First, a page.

- New College of Florida (NCF) will request $420 million in state investment to support a conservative makeover.
- The figure translates to a staggering capital outlay ratio of $600,000 per student for the tiny Sarasota campus with fewer than 700 enrollees.
- NCF’s financial plan depends heavily on massive financial investment and flexibility compared to other state schools.
- A separate document appears to show that the school is planning for President Richard Corcoran’s compensation in the 2024 school year to top $1.1 million.
A highly-anticipated business plan presentation by New College of Florida (NCF), slated for Wednesday afternoon, will include a request that state lawmakers pony up $420 million in direct and indirect state investment to help sustain an already-underway conservative makeover of the school, according to documents submitted to the Board of Governors before the meeting. The funding request, if granted, would translate into an unusually high capital outlay ratio of $600,000 per student for the state’s smallest higher education institution. New College currently enrolls fewer than 700 students on the tiny Sarasota beachfront campus.
The $420 million figure was included in the newest version of a business plan prepared ahead of Wednesday’s meeting. A previously submitted business plan sent to the Board of Trustees in August did not contain the figure, but other eye-popping dollar amounts and related asks contained in the August plan have already started raising eyebrows even among otherwise sympathetic Republican lawmakers in Tallahassee. Florida Senate President Kathleen Passidomo told the Capitolist last week that she had concerns and expected her legislative colleagues to “review the plan more closely” when lawmakers convene to set the budget for the upcoming year.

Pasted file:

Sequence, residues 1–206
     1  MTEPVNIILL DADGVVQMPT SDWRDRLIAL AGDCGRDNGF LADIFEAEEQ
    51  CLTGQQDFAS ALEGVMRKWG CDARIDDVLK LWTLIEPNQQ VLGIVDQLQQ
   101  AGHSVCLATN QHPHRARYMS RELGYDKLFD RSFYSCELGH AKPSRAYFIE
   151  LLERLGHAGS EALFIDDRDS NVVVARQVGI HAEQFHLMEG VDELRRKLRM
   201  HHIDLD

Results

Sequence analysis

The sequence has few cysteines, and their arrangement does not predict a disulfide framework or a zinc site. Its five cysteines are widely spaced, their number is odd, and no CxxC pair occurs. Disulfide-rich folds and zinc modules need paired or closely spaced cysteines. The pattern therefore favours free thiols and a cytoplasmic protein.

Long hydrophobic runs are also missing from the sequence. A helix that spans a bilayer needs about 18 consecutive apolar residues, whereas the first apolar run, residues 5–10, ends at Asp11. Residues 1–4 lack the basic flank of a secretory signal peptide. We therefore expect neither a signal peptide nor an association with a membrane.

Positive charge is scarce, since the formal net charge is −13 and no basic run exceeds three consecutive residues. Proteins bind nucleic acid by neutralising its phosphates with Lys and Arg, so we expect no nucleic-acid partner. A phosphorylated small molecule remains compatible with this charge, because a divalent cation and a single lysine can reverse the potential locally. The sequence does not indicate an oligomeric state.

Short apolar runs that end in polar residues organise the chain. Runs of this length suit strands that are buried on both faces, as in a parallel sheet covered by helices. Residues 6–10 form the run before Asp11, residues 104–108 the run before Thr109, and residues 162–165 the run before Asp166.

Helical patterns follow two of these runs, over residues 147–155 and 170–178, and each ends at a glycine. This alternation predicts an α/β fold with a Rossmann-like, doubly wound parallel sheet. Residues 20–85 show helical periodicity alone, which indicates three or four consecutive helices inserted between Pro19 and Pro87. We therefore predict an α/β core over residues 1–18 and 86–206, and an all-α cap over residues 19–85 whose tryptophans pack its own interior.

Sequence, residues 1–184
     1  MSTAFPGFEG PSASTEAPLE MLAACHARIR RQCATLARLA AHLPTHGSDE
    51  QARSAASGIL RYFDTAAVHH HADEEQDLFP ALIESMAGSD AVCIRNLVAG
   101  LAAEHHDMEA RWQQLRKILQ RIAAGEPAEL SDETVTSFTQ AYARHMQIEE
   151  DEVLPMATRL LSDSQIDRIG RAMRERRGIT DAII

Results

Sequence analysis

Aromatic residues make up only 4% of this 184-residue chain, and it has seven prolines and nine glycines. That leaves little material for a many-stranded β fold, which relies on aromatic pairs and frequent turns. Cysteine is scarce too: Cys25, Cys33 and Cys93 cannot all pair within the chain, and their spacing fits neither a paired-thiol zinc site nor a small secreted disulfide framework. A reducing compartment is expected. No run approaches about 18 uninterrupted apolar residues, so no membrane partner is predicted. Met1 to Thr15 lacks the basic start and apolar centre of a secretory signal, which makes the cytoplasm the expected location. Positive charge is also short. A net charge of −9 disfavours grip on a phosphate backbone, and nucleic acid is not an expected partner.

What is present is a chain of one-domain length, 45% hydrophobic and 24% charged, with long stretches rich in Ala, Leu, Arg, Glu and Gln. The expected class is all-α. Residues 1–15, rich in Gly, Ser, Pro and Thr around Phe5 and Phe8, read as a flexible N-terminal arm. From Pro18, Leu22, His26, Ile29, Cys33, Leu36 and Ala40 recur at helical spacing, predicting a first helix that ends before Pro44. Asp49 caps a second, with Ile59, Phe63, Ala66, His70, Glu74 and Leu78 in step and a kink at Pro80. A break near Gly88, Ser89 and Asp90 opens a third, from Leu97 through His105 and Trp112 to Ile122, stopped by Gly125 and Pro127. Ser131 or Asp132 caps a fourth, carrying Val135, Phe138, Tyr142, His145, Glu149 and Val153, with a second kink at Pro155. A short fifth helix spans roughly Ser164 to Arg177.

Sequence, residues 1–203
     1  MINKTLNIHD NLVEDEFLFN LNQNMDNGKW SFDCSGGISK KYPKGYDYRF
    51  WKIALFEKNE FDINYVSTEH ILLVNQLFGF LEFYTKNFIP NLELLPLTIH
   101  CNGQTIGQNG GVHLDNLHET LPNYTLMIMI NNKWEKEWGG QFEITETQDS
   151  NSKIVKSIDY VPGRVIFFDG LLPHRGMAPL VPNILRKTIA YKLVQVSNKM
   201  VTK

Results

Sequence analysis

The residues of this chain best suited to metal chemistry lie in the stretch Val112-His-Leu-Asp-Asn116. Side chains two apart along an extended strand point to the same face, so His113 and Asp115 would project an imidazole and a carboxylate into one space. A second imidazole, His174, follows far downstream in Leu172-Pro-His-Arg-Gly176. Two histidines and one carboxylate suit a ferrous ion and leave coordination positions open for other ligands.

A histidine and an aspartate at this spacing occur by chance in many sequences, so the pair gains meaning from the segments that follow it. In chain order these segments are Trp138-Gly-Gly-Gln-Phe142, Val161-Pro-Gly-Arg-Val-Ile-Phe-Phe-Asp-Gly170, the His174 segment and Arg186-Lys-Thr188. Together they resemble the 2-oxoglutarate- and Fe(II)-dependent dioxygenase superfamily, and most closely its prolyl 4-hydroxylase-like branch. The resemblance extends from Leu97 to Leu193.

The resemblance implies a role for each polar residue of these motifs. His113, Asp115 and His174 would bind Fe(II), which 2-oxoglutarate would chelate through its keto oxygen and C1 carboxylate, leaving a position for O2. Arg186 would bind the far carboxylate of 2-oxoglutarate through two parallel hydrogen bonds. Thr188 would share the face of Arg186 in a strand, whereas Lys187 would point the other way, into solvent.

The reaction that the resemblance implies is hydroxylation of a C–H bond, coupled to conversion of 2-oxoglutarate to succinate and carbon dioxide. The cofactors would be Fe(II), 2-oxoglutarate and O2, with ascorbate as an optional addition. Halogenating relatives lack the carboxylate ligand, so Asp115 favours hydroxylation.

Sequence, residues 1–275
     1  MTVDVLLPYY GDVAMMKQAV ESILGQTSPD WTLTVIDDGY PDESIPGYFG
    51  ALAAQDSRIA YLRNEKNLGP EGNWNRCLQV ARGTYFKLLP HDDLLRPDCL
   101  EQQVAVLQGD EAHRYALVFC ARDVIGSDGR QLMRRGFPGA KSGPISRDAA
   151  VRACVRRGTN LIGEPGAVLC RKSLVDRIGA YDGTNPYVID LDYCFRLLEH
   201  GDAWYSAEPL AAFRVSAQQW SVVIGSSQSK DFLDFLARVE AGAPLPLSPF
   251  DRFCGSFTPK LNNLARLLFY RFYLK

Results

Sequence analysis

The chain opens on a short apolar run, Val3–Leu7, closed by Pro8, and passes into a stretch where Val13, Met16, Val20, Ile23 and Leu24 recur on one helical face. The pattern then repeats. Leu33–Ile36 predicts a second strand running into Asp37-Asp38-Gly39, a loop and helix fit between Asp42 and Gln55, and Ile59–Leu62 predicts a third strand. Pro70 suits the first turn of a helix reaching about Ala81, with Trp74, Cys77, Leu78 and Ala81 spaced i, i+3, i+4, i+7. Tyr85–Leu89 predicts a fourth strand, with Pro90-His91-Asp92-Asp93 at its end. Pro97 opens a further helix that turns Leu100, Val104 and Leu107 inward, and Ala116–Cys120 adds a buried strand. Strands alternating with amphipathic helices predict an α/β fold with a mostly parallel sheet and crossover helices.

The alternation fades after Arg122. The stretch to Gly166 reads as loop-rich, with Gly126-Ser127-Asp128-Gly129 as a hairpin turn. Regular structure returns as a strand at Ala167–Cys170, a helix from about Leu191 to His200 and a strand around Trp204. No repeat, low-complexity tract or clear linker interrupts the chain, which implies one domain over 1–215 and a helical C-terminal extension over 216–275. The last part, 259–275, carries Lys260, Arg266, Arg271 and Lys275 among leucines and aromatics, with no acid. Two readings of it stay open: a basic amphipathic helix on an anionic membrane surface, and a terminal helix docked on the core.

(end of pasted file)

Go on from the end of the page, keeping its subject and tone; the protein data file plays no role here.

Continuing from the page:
Wednesday’s presentation will take place on the University of Central Florida’s campus, the state’s largest school, setting up a sharp and unfavorable comparison between the two schools: if UCF made the same fixed capital outlay request that NCF is making for $600,000 per student, UCF’s 66,000 enrollees would require over $40 billion.
The college’s strategic shift towards what Republican leaders hope will become a conservative intellectual stronghold is part of a broader state education reform plan under the leadership of Governor Ron DeSantis, who has shown little tolerance for progressive education experimentation. But Republican lawmakers have shown a willingness to grant NCF broad leeway to make necessary changes at the school after years of declining enrollment.
Even so, the rapidly ballooning financial blueprint under new school president Richard Corcoran, a DeSantis ally, is starting to draw increasing scrutiny for its sheer scale and the burden it places on taxpayers. And Corcoran’s high salary isn’t helping calm Republican jitters, either. A line item in a previously submitted budget document, also obtained by The Capitolist, appears to show that New College anticipates Corcoran’s full compensation package to reach nearly $1.06 million during the 2024 school year.
The NCF business plan, approved by Corcoran, breaks down the $420 million capital outlay request into several financial silos. The first $227million is requested in the form of “direct state investment,” with another $173 million requested as “indirect investment,” while the final $20 million is requested in the form of “defeasance,” or debt forgiveness. The money would be used for a range of initiatives, including facility upgrades, enrollment growth, and program expansions. When the funding is broken down to a per-student figure, the cost is starkly higher than any other public higher education institution in Florida.
But some of the facilities themselves are also generating controversy, including plans that are already in motion for a school bass fishing team and the equipment and facilities necessary to support similar endeavors. On Monday night, NCF’s board of trustees was forced to convene in order to clean up an accounting mess created after approximately $600,000 in tax dollars had been improperly spent on the school’s athletic programs, which are required by law to be self-supporting and not draw on recurring state dollars.
The trustees voted 5-2 in favor of a plan to use $6.4 million in “carryforwards,” or leftover funds from the previous year, to replace the improperly spent athletic money.